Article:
Eat breakfast every morning. Have sex every night. And when all that sex results in a baby, make sure you breastfeed!
Beliefs like these are constantly hyped as a solution for weight loss, according to a new study published in the New England Journal of Medicine, but that doesn’t make them true.
The study examines false and scientifically unsupported beliefs about obesity that are commonly represented in the media, and even in scientific literature.
Researchers identified seven obesity-related myths:
1. Small sustained changes in energy intake or expenditure will produce large, long-term weight changes. (Restricting and burning calories won’t produce long-term weight changes).
2. Setting realistic goals in obesity treatment is important, because otherwise patients will become frustrated and lose less weight. (Goals won’t help you lose more weight).
3. Large, rapid weight loss is associated with poorer long-term weight outcomes than is slow, gradual weight loss. (Gradual weight loss isn’t more permanent).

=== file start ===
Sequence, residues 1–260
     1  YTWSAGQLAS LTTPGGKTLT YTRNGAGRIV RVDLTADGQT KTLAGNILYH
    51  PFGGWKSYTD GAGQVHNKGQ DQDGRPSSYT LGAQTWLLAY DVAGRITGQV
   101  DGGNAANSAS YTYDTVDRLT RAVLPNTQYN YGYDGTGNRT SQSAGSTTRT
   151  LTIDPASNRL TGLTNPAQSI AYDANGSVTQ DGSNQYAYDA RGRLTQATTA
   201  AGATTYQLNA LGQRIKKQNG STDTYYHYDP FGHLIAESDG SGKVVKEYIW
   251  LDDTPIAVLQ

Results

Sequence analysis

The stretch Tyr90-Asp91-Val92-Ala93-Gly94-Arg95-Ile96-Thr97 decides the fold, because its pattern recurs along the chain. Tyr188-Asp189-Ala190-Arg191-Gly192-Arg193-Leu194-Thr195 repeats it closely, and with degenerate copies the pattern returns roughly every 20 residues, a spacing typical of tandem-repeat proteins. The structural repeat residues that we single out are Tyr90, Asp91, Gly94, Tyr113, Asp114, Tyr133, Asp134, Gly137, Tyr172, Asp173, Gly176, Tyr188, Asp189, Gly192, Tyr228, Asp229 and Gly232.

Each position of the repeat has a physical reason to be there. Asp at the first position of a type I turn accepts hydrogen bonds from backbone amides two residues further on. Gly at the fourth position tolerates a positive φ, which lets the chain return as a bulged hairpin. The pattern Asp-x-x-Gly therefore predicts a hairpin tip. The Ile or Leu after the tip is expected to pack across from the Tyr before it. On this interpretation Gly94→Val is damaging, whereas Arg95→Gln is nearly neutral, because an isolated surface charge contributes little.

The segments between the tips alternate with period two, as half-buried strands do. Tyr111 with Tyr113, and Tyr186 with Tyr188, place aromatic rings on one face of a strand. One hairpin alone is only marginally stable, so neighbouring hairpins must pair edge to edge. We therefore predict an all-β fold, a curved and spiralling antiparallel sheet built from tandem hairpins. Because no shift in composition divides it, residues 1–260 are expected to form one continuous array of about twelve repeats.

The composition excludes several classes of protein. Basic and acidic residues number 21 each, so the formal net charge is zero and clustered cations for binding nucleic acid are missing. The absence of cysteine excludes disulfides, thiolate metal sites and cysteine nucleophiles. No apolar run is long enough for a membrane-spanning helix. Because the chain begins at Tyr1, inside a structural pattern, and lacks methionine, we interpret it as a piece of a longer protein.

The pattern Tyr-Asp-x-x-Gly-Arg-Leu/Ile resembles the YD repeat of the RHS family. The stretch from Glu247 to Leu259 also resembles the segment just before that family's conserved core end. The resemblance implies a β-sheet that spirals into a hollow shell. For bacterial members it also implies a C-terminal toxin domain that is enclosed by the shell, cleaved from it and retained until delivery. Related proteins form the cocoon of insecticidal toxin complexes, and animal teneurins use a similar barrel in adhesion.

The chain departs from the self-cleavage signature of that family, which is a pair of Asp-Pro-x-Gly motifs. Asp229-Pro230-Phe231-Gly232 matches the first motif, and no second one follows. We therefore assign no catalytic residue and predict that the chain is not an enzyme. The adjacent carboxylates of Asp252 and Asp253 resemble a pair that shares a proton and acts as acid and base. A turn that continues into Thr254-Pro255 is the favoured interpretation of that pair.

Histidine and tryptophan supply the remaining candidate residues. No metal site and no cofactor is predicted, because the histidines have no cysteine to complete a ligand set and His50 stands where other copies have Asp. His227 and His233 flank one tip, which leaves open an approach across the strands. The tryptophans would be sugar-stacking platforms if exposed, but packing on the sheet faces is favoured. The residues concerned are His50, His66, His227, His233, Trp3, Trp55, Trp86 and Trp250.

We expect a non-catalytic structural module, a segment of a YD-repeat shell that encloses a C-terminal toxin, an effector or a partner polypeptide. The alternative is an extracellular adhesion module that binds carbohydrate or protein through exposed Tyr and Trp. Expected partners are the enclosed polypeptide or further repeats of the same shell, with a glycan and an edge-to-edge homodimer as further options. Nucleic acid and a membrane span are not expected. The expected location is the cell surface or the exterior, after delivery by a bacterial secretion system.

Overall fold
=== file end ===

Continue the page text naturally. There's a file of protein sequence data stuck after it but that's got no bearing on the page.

4. Assessing the stage of change of diet readiness is important in helping patients who seek weight-loss treatment. (Feeling "ready" to change physical activity levels and diet doesn’t make a difference to weight loss).
5. Physical-education classes in their current format play an important role in preventing or reducing childhood obesity. (Phys-ed classes don’t prevent childhood obesity).
6. Breastfeeding is protective against obesity. (Breastfeeding doesn’t prevent weight gain).
7. A bout of sexual activity burns 100 to 300 calories for each person involved. (Sex isn’t a magical way to burn calories as a couple).
Before you give up and dig into a bag of chips with glee’remember that while each of these beliefs may not help you lose weight, they could still offer other health benefits.
What the study is actually saying is that you can’t breakfast and breastfeed your way thin. Obesity is a (pardon the pun) larger issue’that, according to the researchers, requires the formulation of ‘sound public health, policy, or clinical recommendations’ that are based on ‘evidence-supported facts.’
What do you think? Is this study accurate? Have you tried any of these common weight-loss suggestions? Did it work for you?
-Katharine Watts, Associate Web Editor